Chapter

<i>Fur</i> or hair: l’effroi et l’attirance of the wild-woman

Jacqueline Lazú

in The Last Taboo

Published by Manchester University Press

Published in print January 2011 | ISBN: 9780719075001
Published online July 2012 | e-ISBN: 9781781702567 | DOI: http://dx.doi.org/10.7228/manchester/9780719075001.003.0007
Fur or hair: l’effroi et l’attirance of the wild-woman

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This chapter focuses on four elements which best reveal the tie that binds the seemingly closed symbols of the play Fur (2000). A Play in Nineteen Scenes, by Migdalia Cruz. The first and most evident element is the allusion to William Shakespeare's The Tempest. Next, the images of cannibalism and their history expose how Cruz challenges the objectification of women's bodies by inverting standards of ‘appropriate female behaviours’ related to eating and maintaining the ‘ideal body’. This then provides an opportunity to reflect upon the traditions of consumerism and spectacle that have been an integral part of Western history and its relation to individual, racialised bodies. Finally, the chapter offers some solutions to the symbolism of hair versus fur, and its relation to human behaviours that have successfully controlled and defined these bodies. These elements demonstrate that Fur (2000) is in fact a text about colonialism, its evolution and how it is incorporated in the female body.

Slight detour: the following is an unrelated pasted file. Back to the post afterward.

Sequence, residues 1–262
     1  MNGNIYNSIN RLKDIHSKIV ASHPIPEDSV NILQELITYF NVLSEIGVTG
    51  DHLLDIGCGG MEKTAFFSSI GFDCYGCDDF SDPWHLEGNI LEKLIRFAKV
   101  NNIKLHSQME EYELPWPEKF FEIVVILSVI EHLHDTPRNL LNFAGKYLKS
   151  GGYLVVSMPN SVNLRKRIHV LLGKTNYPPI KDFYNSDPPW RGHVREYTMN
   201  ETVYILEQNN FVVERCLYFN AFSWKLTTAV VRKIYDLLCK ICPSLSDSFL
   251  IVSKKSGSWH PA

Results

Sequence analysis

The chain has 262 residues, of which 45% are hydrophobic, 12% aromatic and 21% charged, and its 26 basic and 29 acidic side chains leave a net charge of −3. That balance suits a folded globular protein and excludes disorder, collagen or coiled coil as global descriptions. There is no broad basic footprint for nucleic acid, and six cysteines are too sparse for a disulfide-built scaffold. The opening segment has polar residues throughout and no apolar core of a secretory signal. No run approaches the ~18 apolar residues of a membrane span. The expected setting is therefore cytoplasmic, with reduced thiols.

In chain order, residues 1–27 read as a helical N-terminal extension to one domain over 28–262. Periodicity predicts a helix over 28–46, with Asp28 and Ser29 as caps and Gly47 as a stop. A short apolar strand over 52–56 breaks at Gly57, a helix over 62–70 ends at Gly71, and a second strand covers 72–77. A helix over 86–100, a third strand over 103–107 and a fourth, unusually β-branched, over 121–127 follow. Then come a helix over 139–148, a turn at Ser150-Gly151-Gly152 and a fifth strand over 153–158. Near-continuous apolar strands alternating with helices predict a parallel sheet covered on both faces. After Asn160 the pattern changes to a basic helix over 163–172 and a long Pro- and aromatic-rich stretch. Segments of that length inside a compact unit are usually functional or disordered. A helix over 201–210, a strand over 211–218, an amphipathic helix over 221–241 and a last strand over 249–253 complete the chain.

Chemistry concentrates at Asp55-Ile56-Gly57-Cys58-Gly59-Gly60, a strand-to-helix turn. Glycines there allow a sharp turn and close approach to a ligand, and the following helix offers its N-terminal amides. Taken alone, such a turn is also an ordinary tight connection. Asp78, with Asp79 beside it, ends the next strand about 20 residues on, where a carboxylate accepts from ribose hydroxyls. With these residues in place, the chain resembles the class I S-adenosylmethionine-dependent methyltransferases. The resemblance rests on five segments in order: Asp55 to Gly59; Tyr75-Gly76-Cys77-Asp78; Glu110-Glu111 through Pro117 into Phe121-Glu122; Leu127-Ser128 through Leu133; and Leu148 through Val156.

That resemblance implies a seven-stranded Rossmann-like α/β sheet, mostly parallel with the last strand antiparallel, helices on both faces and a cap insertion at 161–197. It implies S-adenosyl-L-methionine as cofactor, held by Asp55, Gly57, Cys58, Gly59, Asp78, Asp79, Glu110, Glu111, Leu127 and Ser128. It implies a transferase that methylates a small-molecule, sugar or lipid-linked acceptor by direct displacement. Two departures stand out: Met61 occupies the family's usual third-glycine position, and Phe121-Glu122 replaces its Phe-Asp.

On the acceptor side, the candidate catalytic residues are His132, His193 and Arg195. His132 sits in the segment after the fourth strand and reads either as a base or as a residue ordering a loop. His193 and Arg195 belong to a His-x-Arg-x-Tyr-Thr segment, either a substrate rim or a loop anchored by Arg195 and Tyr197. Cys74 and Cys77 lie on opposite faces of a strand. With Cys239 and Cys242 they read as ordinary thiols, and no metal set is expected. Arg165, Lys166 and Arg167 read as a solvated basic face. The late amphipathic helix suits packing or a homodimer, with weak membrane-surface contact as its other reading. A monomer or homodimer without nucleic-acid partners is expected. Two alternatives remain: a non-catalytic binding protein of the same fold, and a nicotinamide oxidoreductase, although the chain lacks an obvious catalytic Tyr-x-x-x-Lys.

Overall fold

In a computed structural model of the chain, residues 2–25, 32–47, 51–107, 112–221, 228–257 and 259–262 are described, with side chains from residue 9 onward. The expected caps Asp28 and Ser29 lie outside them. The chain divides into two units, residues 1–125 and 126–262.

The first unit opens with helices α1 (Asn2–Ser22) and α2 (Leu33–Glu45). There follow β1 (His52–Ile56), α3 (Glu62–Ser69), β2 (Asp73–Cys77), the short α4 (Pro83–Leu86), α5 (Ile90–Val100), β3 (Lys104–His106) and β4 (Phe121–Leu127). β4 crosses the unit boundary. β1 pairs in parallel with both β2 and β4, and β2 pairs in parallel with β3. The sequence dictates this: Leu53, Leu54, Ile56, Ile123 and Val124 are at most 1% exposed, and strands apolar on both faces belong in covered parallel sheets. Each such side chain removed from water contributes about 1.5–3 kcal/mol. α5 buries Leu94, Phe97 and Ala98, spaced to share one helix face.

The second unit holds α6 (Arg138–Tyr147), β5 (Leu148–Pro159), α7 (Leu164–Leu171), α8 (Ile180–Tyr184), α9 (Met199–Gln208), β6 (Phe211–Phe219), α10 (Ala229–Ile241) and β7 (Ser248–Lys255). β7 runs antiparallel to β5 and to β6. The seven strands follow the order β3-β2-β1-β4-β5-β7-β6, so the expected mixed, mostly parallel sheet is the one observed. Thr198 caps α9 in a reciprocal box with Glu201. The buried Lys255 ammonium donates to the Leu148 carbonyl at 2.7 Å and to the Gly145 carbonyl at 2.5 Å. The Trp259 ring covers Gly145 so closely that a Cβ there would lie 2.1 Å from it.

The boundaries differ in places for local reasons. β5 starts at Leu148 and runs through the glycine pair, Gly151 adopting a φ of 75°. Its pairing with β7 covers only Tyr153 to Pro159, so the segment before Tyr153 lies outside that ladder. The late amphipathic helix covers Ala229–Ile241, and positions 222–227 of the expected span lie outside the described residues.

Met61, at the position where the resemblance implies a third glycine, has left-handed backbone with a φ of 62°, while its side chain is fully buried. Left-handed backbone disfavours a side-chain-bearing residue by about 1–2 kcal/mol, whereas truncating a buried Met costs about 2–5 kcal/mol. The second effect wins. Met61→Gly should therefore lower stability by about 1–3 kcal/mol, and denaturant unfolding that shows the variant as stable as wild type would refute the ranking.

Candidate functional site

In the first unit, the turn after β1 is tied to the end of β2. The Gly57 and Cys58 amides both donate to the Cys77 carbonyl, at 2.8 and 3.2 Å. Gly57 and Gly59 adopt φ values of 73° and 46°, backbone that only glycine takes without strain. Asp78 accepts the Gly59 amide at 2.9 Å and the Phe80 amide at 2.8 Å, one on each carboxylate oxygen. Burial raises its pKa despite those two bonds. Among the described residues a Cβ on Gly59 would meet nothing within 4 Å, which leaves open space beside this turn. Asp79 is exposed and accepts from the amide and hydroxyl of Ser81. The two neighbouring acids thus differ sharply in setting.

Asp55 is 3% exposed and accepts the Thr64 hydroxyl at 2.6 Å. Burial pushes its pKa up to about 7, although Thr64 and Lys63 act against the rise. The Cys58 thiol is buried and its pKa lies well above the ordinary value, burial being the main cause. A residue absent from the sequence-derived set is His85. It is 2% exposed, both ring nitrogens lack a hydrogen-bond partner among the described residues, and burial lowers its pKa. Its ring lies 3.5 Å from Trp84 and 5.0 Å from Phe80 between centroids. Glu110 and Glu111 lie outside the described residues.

Keywords: Fur (2000); Migdalia Cruz; colonialism; female body; Tempest; cannibalism; ideal body; consumerism; hair; fur

Chapter.  9898 words. 

Subjects: Literature

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